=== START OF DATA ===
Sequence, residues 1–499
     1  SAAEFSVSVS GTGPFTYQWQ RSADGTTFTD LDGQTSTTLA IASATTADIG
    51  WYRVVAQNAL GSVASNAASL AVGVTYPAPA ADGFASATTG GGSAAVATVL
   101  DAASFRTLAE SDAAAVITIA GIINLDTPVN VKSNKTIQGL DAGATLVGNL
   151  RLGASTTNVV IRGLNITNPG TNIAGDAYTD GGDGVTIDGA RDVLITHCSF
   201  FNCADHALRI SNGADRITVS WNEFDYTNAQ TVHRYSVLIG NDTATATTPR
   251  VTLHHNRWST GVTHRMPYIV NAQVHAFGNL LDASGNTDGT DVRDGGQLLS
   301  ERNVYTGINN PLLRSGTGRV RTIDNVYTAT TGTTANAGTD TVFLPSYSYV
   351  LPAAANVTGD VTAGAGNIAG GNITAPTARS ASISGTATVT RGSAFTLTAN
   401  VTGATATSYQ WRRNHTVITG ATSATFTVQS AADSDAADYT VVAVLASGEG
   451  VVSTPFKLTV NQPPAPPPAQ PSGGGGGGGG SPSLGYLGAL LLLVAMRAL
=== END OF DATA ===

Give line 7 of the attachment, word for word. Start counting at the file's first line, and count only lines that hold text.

   251  VTLHHNRWST GVTHRMPYIV NAQVHAFGNL LDASGNTDGT DVRDGGQLLS